How is women preferring tall men "discrimination"? It seems to me like women are simply elevating an attractive physical characteristic over an unattractive one, like we all do everyday.

Height is a characteristic beyond one's control. Weight, hair color, degree of athleticism, and other physical features are controllable to a greater or lesser extent. Not height.

"Ilkka was poking fun at all the people who claim that we can make kids more intelligent and get them to pass their high school classes by simply improving their self esteem."

Last summer, I was subjected to a university symposium at which the main speaker, a Brit who had actually been knighted to honour his intellectual contributions to the Realm, maintained that everyone could learn everything, provided that, as students, they had sufficient motivation and self-esteem. Now this is the sort of bollocks that really gets me going. (Yes, I find myself lapsing into Britishisms and spelling conventions when confronted with this topic.)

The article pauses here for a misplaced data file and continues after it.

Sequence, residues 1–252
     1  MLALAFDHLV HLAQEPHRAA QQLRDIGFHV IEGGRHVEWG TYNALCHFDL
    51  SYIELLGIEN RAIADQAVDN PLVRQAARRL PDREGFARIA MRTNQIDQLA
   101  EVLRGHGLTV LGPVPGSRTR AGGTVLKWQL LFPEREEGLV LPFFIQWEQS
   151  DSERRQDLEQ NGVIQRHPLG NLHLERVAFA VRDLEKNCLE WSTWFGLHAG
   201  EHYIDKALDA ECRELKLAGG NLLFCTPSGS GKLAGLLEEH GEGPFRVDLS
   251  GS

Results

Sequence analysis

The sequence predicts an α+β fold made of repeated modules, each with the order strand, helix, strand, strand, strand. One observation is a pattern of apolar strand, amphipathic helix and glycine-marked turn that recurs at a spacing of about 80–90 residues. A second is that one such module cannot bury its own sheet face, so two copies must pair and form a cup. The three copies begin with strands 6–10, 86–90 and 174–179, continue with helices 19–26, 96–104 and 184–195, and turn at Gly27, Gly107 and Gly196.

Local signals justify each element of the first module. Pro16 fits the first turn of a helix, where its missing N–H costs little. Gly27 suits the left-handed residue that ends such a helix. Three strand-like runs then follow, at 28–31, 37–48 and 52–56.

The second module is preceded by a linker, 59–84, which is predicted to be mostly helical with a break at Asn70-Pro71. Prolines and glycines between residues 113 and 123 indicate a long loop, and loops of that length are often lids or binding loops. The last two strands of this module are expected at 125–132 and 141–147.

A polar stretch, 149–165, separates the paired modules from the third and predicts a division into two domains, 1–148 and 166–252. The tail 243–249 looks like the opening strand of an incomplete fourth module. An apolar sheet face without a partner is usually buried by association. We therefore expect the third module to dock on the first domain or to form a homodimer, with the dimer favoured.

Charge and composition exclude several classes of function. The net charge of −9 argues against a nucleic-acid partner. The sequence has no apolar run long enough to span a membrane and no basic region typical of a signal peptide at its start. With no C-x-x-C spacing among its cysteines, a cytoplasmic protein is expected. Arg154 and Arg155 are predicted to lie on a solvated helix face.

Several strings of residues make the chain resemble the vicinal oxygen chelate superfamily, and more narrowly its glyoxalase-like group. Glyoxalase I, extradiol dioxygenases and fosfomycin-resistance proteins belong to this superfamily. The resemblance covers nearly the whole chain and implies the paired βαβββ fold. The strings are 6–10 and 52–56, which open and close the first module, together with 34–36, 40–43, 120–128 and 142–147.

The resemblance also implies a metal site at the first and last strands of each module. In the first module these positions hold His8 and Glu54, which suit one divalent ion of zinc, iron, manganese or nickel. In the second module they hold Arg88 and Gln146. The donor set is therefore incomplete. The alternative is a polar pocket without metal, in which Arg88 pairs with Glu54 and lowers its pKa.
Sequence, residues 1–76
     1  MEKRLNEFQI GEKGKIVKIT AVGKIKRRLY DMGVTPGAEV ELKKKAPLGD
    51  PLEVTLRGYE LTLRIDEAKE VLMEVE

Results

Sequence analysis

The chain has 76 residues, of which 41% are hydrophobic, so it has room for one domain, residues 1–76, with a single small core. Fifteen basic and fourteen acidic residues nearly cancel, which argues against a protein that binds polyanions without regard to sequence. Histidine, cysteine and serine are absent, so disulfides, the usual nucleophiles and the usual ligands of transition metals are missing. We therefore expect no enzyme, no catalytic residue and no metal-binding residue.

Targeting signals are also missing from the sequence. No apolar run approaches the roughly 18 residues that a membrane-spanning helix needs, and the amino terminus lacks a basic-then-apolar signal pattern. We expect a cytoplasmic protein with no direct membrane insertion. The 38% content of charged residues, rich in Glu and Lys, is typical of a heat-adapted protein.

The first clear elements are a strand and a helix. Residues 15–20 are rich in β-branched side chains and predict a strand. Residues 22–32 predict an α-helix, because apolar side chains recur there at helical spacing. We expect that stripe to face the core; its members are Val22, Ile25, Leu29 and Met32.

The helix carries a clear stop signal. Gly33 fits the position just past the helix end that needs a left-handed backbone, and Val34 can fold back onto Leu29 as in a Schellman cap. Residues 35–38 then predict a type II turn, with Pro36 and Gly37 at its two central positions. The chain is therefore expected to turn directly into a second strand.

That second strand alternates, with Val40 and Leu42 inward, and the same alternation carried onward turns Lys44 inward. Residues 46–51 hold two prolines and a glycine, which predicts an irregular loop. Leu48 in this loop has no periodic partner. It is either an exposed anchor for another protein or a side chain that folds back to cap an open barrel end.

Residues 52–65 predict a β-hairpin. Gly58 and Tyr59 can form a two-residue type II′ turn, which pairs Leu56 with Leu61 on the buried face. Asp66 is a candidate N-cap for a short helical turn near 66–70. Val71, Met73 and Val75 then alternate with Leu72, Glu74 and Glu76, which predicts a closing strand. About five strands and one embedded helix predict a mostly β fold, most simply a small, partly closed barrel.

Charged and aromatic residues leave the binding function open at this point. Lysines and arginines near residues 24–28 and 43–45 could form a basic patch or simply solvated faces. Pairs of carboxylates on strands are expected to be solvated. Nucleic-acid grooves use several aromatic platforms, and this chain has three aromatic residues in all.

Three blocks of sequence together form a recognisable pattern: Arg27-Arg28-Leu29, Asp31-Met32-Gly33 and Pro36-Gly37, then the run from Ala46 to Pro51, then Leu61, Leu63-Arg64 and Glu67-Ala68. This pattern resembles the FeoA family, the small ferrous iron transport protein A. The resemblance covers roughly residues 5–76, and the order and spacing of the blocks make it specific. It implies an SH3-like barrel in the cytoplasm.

The comment quoted above, whether or not it reflects the point Ilkka was trying to make, does identify one variant of the idiocy widespread in eduction. This line of thought is popular primarily because it excuses mediocrity on the part of both students and faculty, it paints a hopeful picture, and it wishes reality away.

The truth (well, the truth as I see it) is that people feel confident and motivated when effectively putting their talents to use. Whatever it is that they are trying to do, they can probably do it, they know they can probably do it, and thus they rightly feel confident about it.